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Whether it's through stocks, bonds, ETFs, or other types of securities, all investors love seeing their portfolios score big returns. But for income investors, generating consistent cash flow from each of your liquid investments is your primary focus.
Cash flow can come from bond interest, interest from other types of investments, and of course, dividends. A dividend is that coveted distribution of a company's earnings paid out to shareholders, and investors often view it by its dividend yield, a metric that measures the dividend as a percent of the current stock price. Many academic studies show that dividends make up large portions of long-term returns, and in many cases, dividend contributions surpass one-third of total returns.
HP in Focus
Headquartered in Palo Alto, HP (HPQ) is a Computer and Technology stock that has seen a price change of 3.82% so far this year. The personal computer and printer maker is paying out a dividend of $0.19 per share at the moment, with a dividend yield of 3.04% compared to the Computer - Mini computers industry's yield of 1.11% and the S&P 500's yield of 1.41%.
In terms of dividend growth, the company's current annualized dividend of $0.78 is up 10.6% from last year. HP has increased its dividend 5 times on a year-over-year basis over the last 5 years for an average annual increase of 6.46%. Future dividend growth will depend on earnings growth as well as payout ratio, which is the proportion of a company's annual earnings per share that it pays out as a dividend. Right now, HP's payout ratio is 31%, which means it paid out 31% of its trailing 12-month EPS as dividend.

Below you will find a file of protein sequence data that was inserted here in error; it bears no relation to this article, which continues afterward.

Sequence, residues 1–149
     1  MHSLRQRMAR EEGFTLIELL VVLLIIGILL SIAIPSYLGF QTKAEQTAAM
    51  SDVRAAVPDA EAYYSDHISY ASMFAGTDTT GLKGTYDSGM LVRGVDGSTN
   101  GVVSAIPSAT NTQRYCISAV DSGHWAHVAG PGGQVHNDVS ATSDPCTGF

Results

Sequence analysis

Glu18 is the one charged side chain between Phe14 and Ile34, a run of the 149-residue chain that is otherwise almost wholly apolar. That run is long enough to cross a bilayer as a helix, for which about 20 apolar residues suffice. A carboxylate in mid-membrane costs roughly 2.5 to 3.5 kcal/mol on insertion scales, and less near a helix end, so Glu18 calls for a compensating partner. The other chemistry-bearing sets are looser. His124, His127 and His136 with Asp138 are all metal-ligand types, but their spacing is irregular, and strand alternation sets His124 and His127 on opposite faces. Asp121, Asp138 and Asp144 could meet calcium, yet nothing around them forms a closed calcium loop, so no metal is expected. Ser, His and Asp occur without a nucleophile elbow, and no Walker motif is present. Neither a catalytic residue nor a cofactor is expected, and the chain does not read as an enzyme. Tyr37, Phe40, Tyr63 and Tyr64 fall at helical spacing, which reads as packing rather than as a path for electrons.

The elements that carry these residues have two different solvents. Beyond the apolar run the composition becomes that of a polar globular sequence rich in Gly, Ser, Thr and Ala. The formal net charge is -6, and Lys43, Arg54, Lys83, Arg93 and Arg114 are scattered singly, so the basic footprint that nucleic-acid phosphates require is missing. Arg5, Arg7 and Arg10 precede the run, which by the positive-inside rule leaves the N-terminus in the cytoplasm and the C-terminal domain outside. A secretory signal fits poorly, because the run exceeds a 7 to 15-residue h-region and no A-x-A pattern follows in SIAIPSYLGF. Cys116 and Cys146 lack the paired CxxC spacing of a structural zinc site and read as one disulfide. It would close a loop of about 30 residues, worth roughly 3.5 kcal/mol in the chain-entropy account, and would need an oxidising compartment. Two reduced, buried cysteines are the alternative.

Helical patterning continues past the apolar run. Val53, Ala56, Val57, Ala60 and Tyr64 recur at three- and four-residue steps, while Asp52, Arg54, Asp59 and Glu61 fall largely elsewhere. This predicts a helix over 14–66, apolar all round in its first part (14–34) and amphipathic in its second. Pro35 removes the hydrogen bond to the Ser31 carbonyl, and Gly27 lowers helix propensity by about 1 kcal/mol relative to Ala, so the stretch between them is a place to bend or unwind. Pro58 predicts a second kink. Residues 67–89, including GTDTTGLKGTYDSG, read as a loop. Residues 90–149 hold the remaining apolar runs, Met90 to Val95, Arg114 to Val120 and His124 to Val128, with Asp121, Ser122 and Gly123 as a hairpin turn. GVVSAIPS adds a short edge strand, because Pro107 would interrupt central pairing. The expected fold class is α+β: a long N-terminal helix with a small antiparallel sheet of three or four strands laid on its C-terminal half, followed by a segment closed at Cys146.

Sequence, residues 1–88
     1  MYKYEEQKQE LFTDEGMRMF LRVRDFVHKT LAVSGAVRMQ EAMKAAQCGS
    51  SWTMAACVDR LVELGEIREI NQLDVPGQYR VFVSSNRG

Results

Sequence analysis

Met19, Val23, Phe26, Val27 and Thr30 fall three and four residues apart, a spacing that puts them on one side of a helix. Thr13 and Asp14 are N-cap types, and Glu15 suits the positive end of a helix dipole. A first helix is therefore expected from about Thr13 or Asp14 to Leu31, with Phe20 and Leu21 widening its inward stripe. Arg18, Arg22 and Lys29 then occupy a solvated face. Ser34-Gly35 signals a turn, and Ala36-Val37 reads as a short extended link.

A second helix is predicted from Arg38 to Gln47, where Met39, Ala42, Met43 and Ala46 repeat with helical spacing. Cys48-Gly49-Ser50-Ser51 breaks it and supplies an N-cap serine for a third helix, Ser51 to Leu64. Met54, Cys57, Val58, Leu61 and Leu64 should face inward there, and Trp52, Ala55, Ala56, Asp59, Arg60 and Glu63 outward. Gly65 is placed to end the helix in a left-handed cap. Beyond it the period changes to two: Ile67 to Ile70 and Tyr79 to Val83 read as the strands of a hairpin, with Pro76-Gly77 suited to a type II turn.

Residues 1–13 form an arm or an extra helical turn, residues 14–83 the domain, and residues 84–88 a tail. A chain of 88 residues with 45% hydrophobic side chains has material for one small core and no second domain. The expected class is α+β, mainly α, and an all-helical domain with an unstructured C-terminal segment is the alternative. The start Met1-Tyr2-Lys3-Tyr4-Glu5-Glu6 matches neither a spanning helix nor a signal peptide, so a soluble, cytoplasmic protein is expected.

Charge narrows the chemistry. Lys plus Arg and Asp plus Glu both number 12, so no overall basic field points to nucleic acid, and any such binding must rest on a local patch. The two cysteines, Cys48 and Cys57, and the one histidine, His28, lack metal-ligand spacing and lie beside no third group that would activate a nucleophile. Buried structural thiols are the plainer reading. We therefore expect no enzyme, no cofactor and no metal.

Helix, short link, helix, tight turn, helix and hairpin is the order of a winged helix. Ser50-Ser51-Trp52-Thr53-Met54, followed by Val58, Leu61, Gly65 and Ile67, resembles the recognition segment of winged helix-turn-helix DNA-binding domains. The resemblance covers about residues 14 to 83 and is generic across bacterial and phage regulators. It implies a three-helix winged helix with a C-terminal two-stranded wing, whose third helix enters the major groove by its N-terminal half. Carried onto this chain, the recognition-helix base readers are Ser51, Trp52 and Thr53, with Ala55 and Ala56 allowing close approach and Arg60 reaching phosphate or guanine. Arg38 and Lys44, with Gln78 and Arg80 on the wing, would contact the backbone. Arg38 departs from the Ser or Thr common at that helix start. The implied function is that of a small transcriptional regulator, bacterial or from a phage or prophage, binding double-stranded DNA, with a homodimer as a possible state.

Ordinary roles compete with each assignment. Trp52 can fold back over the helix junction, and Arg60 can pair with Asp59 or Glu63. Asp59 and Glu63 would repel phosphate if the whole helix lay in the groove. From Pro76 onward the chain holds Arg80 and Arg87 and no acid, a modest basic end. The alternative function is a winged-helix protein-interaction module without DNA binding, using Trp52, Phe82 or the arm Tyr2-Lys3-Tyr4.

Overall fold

Looking at this fiscal year, HPQ expects solid earnings growth. The Zacks Consensus Estimate for 2021 is $2.67 per share, with earnings expected to increase 17.11% from the year ago period.
Investors like dividends for many reasons; they greatly improve stock investing profits, decrease overall portfolio risk, and carry tax advantages, among others. It's important to keep in mind that not all companies provide a quarterly payout.
For instance, it's a rare occurrence when a tech start-up or big growth business offers their shareholders a dividend. It's more common to see larger companies with more established profits give out dividends. Income investors must be conscious of the fact that high-yielding stocks tend to struggle during periods of rising interest rates. With that in mind, HPQ presents a compelling investment opportunity; it's not only an attractive dividend play, but the stock also boasts a strong Zacks Rank of #2 (Buy).
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HP Inc. (HPQ) : Free Stock Analysis Report
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